The sounds were deep here in the swamp, lyrics in a symphonic composition – hissing toads, chirping crickets, other nocturnal fauna who cried out to one another. Who warned each other that a human was in their midst. Eons ago, and even now, the belief was that animals, insects and other non-humes communicated on a basic level, evincing nothing more important than messages about food, mating and danger. M'dear had long ago taught her that this was not particularly so.

M'dear had also taught her the language of the earth. Something left over from the old ways, now supplanted by technological advances.

"Neeeeee…." a toad yelled out to her. One word. "Human."

She answered with a collection of clicks created by her tongue hitting the roof of her mouth. This was followed by a series of vocal vibratos that told her tale to the animals, the insects, the non-humes.

In the end, an alligator gave up the missing piece of her puzzle. It fit nicely with the words from her M'dear that was filed away into her memories.

M'dear had warned her to never believe that the humans ran this world.

"We're here by their graciousness. Y'see the Bible had it all wrong. Man was not the ultimate creation. He was nothing more than just a thread in the fabric. We've allowed our egos to rewrite history, to push our way up the hierarchy. And now we have the nerve to believe that we are the captains of this universe. Truly, though, if the animals were ever to rise up and reclaim what is theirs, humans would not be long for this earth. Just the numbers alone would put us at a disadvantage."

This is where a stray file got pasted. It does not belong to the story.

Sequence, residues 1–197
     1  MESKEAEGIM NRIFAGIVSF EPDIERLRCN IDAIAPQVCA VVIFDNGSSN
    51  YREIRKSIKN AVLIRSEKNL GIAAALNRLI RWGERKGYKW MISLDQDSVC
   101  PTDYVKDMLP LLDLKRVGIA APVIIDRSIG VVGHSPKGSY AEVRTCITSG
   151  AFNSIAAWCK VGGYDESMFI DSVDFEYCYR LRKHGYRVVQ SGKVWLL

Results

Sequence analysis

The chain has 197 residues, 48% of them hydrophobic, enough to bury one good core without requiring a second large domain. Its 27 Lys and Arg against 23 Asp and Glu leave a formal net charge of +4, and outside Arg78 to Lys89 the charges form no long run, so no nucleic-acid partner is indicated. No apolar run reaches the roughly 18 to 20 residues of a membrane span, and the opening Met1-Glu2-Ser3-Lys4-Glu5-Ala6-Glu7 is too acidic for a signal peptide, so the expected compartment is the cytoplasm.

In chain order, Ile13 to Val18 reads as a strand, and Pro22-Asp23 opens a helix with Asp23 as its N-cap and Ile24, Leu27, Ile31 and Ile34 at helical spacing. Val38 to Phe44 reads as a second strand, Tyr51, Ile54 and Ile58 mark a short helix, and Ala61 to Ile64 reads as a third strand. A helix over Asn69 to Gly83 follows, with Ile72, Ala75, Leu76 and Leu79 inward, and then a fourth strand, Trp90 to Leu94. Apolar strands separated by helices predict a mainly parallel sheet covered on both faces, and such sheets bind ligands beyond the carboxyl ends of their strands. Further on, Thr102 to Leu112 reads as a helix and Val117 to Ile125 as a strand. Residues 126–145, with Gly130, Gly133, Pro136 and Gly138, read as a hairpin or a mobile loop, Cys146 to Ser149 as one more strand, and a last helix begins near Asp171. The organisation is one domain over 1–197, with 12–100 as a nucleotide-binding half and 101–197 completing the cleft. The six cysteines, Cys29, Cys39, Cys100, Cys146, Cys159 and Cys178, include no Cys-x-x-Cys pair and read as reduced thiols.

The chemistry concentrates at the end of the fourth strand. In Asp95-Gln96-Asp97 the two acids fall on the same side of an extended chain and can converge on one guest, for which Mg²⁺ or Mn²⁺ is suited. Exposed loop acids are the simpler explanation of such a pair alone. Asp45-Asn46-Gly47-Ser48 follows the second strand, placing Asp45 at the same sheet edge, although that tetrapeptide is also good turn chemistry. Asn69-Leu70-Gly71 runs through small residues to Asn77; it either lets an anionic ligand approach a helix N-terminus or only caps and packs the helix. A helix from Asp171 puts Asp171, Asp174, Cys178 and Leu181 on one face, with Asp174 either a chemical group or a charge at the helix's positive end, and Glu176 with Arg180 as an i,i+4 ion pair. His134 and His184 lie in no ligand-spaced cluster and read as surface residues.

M'dear had been considered a relic from the past. But in reality, even as she'd held on to the beliefs of the ancients, she'd been efficiently self-taught in the sciences, old and new. M'dear had been smarter than most. Even about death. Especially about death.

M'dear hadn't died per se. She'd merely transitioned into another form. A form that now gave her the missing piece. The alligator smile told much. Maybe certain religious tenets would have her believe that her grandmother had been demoted somehow. But she knew the truth. M'dear was part of the ultimate creation now. Heaven existed only for those who did not know the truth. Who refused to believe.

Blood spells were tricky. The spill of human blood had only so much strength. But when soaked up into the mire, when added with the mucus of…say…a frog…or the sputum of a gator…the droppings of several marsh birds…well that blood had the power of creation.

And creation could always destroy.

And Madley Humes would soon discover that all the technological strides in this universe – and beyond - were no match against the ancient, the old-timey beliefs of this world.